Prolific Michu the template for clubs in pursuit of Swansea’s Spanish flair
Soccer Angles: Striker emblematic of what is a golden era of Spanish players
That is in part why Michu is still a Swansea City player and why he will take to the Liberty Stadium this evening against Arsenal, a club said to have coveted him, as a Swan.
It feels like an appropriate nickname: Michu combines disguised power and upright style. The result is smooth effectiveness. He scored both in Swansea’s 2-0 defeat of Arsenal last season.
But for Michu to remain in South Wales there must also be something in his character, because another individual might have reacted differently to the past year. There could have been a head-turning, whispered advice, then a desire to engineer a move. Think Carlos Tevez. Think difficult.
‘Like a gift from heaven’
Instead there was constant application. It took Michu a long and indirect route to reach prominence and it appears he appreciates it all the more. He has been a sincere contributor to the resurrection of his hometown club Real Oviedo and his humility does not seem to be of the manufactured kind seen so often in public life.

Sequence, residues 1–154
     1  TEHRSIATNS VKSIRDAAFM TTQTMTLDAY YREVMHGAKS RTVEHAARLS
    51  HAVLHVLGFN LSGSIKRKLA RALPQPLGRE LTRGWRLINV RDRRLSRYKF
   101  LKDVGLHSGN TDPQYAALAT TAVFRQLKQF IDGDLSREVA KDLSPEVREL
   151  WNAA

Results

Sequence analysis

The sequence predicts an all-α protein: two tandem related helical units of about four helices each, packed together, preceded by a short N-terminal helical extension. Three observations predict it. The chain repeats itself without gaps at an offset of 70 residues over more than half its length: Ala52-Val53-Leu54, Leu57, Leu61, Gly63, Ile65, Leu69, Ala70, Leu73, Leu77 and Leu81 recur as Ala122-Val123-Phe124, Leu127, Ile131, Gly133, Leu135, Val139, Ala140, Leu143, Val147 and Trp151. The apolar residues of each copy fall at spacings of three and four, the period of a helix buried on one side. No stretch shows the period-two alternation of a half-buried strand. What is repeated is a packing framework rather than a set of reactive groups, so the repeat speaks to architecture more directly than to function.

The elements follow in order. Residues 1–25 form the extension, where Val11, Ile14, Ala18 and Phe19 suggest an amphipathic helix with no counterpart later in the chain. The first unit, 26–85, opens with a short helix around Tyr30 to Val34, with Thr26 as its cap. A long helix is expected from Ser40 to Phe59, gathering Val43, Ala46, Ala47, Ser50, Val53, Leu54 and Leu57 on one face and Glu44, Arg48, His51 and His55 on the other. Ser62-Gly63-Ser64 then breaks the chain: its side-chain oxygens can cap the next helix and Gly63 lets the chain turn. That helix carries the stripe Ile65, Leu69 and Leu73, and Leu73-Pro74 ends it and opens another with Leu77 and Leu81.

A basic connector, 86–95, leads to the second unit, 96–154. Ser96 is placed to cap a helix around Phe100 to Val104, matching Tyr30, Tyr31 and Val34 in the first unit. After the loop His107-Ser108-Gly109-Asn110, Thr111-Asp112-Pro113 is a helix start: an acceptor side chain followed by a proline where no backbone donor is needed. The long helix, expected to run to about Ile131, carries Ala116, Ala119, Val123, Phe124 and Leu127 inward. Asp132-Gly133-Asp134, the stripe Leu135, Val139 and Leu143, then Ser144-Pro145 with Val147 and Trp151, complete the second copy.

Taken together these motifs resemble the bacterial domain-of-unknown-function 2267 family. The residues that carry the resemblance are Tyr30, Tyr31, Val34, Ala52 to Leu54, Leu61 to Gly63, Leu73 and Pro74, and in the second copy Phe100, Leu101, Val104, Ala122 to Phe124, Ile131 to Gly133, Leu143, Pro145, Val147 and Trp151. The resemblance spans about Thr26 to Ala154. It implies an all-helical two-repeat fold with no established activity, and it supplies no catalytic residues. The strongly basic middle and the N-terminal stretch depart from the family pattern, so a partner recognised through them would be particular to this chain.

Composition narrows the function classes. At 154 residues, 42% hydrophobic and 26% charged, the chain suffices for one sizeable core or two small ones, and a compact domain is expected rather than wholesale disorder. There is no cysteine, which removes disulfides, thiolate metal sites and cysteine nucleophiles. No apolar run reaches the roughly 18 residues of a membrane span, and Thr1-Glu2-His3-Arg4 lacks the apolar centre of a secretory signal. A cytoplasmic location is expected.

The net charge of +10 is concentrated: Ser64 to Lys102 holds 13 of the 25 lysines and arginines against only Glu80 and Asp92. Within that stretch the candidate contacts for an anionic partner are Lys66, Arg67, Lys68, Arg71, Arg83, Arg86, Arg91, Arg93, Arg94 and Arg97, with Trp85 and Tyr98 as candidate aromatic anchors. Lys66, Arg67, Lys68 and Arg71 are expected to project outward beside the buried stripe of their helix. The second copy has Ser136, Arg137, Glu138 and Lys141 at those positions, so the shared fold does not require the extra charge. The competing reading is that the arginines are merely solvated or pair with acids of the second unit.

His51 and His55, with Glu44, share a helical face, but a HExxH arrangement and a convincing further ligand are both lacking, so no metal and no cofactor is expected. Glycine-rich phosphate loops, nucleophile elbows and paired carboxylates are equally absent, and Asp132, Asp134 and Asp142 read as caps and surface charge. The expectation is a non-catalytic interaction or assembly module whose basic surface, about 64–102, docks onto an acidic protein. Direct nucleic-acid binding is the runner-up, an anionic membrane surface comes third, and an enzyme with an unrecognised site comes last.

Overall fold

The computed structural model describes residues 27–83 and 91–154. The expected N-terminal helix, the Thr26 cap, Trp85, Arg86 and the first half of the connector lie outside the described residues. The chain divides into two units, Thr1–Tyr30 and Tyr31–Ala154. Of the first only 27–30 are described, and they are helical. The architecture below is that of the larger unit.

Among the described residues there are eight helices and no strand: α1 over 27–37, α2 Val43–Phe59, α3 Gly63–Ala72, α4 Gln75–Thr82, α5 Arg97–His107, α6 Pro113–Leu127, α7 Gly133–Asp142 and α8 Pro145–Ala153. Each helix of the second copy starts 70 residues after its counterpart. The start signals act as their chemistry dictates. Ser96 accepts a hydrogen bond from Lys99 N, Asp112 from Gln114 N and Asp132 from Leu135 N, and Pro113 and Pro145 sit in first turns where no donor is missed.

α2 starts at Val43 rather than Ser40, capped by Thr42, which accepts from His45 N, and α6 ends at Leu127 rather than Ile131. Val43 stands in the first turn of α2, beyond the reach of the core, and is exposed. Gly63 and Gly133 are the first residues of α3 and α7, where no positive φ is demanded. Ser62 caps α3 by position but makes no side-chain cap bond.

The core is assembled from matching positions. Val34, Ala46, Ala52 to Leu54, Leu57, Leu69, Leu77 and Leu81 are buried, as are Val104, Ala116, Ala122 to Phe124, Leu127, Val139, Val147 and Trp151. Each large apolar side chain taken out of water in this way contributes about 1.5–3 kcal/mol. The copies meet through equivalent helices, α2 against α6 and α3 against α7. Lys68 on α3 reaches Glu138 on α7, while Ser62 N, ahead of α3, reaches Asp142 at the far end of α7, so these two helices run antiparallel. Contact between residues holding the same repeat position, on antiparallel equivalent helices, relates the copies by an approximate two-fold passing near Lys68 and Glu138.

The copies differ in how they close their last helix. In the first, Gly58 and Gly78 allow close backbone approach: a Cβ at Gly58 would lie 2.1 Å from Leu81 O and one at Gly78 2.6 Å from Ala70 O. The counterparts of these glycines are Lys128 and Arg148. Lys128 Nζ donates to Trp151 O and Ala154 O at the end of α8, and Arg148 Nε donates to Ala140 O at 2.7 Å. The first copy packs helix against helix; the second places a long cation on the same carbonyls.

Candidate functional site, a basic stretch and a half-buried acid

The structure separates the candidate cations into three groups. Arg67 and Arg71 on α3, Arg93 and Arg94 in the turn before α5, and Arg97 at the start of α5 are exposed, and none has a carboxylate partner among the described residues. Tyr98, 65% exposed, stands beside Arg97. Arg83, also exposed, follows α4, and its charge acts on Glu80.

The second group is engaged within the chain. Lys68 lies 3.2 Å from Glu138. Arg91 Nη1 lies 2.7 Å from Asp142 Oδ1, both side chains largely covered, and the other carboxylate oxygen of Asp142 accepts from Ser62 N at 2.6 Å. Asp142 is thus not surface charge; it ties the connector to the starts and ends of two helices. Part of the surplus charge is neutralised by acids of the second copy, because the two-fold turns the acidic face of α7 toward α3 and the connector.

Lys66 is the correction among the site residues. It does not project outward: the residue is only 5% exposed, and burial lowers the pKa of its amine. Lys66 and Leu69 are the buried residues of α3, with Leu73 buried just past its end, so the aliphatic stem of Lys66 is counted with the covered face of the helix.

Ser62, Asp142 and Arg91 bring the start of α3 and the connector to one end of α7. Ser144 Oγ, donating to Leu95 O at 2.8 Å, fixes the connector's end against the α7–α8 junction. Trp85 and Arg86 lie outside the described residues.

He also values the presence of Laudrup in the dugout and the creative freedom he enjoys in Laudrup’s team.
But asking why Michu is still at Swansea also takes you back to Rayo and to Spain’s economy. When Michu joined Rayo after four years with Vigo in the second division, he was a free transfer. This was because (a) he was yet to blossom and (b) because La Liga is bust.
As Michu explained before the League Cup final: “There is no money now in Spain. When Rayo travelled to play Real Sociedad in San Sebastian, the journey on back roads took hours longer than it should have done because the club couldn’t afford the motorway tolls. All the people on the bus were saying, ‘This is crazy, where are we going?’ If we’d known what was happening, we’d have made a collection for the tolls.”
Hence, he added: “Rayo had no money so they sent a letter out saying I was available. Swansea’s £2 million was like a gift from heaven.”
Real Madrid and Barcelona aside, it’s still a financial struggle to simply exist in Spain. Look at Valencia and how Swansea undressed them in the Europa League 10 days ago. Valencia are insolvent.
But Swansea City are not. They had six Spaniards in their team that night, while Valencia had four.
This is a golden era of Spanish footballers, not La Liga, so we will be seeing even more of them in the Premier League due to the economic crisis. Clubs who missed out before are now combing Spain.
And Michu is the template.